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Maskless Aligners for Industry, Part 2

Interview with Steffen Diez

You can read the first part of the interview “The first real alternative to Mask Aligners” here.

Did this interest motivate the development of the industrial MLA?

Steffen Diez: We planned to develop an industrial version of a maskless aligner back when we began working on the MLA concept. Due to limited R&D resources, we prioritized the work on the MLA150. This turned out to be a good choice because we could fully develop the core technology and learn from our industrial MLA150 users what the tool really needed to improve in order to fulfil their requirements. The MLA150 is optimized for R&D: The software is designed for handling small lots and for easy tracking of project status, not for high-volume production. The exposure time is excellent for research applications, but it is not fast enough for commercial production. There was no automation, either.

MLA300 is a completely new machine, so we could meet all the needs of our industrial customers, which extended far beyond just higher throughput:

  • A massively increased throughput as compared to the MLA150;
  • The MLA300 can be fully automated, including substrate handling and loading, and interfacing to manufacturing execution systems (MES);
  • It is a fully integrated and modular machine with a minimal, yet flexible footprint. This concept simplifies service and allows a fast “plug and play” installation;
  • The software interface and usability concept were developed with the help and feedback from a customer, this time from industry.

SEM image of a structure written using MLA technology. Images courtesy of CMi (EPFL Center of MicroNanoTechnology)

Our R&D team really pushed the limits of direct-write lithography. We are very proud of the MLA300. It is the most advanced tool we have ever built. It is unique in many ways, and it is also the only production-ready solution for industrial micro-fabrication currently available in the market.

What were the key design challenges? After some calculations, we realized that we couldn’t achieve the required speed with only one optical engine. So we embarked on one of our most demanding R&D projects ever: The development of a fully integrated optic module. Our optical designers and construction engineers created an opto-mechanical masterpiece. The MLA300 system is designed for the integration of up to four optic modules. It is even possible to integrate modules with different wavelengths or different resolutions. That means you can customize the MLA300 according to the specific application requirements in terms of resolution, write-speed and substrate handling.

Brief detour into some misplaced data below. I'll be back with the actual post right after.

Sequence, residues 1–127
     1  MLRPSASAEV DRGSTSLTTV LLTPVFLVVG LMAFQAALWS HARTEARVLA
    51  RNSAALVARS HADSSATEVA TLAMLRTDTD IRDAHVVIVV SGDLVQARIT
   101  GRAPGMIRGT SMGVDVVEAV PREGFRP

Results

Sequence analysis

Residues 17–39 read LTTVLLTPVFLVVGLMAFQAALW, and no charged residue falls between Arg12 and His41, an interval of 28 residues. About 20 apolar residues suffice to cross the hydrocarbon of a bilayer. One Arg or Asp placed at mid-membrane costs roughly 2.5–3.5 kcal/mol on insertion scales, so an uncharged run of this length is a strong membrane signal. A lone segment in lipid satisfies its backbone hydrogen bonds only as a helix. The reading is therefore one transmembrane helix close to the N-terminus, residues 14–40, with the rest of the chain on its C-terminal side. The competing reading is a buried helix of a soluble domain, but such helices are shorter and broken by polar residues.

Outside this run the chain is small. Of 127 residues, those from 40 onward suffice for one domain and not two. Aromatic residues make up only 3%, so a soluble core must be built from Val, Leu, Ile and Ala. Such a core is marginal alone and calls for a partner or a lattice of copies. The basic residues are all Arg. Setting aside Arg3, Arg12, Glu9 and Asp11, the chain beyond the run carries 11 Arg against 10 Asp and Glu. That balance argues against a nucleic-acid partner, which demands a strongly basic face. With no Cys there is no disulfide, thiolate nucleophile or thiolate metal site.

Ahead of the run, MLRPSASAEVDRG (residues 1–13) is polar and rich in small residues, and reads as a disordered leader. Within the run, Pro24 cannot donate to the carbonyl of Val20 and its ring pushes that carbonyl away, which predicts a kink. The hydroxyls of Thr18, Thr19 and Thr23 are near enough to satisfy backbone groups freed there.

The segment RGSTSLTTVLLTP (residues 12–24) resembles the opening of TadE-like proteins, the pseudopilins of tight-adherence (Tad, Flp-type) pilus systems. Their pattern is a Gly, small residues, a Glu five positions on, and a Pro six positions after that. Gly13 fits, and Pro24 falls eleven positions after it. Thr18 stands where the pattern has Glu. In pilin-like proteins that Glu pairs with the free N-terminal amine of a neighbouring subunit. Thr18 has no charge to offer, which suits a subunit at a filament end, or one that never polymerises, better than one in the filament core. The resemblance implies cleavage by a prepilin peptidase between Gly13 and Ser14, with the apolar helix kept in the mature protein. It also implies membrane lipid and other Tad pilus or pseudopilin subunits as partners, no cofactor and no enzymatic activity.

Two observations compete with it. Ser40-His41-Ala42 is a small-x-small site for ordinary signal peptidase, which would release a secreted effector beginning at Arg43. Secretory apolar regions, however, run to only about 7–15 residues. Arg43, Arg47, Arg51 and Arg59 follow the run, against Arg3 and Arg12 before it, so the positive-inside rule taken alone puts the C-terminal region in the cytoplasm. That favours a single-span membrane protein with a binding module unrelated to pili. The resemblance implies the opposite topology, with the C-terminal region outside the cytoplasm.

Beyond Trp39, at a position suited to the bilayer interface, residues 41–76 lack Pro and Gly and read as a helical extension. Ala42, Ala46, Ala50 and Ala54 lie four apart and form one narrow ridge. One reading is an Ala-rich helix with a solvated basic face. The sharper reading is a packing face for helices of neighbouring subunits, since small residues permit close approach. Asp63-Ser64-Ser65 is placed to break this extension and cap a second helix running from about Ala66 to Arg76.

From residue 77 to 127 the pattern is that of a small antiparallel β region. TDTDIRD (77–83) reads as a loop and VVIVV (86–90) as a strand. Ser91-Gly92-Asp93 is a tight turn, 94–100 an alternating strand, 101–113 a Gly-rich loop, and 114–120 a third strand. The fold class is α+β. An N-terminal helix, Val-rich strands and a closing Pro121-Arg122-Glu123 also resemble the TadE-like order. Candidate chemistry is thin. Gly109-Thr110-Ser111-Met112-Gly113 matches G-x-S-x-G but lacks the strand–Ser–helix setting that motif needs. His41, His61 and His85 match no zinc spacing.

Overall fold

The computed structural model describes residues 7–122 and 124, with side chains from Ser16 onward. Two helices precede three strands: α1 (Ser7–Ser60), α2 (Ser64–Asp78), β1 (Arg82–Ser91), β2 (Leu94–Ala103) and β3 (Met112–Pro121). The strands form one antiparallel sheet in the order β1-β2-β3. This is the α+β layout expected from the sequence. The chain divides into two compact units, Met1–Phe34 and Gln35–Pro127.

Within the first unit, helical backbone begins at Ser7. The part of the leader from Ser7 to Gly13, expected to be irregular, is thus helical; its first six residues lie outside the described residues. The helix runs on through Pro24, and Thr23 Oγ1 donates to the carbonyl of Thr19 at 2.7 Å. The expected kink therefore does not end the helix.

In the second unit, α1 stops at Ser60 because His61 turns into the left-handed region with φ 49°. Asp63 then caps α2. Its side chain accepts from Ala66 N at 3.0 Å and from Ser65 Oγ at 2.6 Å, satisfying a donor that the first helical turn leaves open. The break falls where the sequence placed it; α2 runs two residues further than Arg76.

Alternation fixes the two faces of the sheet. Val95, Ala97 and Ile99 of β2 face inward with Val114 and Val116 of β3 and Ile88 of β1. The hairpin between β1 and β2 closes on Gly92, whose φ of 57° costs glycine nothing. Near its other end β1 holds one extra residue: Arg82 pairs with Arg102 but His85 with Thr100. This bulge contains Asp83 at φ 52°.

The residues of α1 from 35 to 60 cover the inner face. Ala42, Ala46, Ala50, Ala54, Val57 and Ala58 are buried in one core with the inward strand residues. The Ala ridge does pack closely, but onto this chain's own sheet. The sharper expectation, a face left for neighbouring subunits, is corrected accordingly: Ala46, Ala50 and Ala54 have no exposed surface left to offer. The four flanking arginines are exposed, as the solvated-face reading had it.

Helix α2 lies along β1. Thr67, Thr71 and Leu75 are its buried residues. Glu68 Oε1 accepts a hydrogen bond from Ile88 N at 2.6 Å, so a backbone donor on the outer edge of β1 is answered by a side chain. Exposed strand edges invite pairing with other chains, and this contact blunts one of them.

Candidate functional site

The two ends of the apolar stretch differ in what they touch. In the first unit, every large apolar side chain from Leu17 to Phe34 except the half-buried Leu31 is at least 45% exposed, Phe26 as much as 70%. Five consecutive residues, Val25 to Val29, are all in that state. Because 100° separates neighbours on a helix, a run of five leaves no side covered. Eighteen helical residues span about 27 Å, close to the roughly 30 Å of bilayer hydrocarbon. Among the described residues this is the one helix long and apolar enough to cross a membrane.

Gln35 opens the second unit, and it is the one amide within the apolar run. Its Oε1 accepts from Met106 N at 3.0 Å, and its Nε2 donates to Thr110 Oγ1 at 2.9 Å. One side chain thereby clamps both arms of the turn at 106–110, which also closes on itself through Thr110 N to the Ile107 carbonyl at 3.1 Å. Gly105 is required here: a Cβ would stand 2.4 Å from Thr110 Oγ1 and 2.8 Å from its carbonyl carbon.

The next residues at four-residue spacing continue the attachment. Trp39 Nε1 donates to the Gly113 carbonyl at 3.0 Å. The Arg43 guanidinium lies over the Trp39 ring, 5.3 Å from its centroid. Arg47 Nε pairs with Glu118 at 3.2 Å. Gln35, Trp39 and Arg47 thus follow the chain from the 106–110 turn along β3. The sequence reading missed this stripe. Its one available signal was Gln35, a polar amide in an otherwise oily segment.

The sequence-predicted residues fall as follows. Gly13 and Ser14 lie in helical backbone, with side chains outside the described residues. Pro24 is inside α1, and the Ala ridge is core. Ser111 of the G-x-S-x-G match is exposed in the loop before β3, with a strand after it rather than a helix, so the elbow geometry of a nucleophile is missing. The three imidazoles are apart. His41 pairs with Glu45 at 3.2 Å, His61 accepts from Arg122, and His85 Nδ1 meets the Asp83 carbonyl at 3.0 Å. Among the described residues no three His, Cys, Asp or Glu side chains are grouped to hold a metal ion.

SEM images of different structures patterned using MLA technology. Images courtesy of CMi (EPFL Center of MicroNanoTechnology)

What kind of applications can benefit from MLA300?

At the moment, we focus on applications where maskless lithography has a significant advantage, for example, warped substrates. Such deformations commonly occur in applications which use a stack of materials with different thermal expansion. The warpage can measure up to 300 µm. Our system is able to compensate warpage with the real-time autofocus system. Other niche applications demand a flexible adaption of the pattern, a requirement which is efficiently met by the MLA300 system. We aim to ultimately place the system in high-volume applications such as wafer-level packaging, MEMS fabrication or LED production. One of our customers has already begun using MLA300 in a pre-production environment. We are now integrating the tool into their production line to make it their standard exposure machine. Since the official launch of the MLA300 in November 2019, we have already received multiple orders for the system. The fast order intake confirms that the flexibility and superior exposure quality on challenging substrates is a large unmet need for industrial production customers.

Read more about MLA300 specifications or download the fact sheet here.

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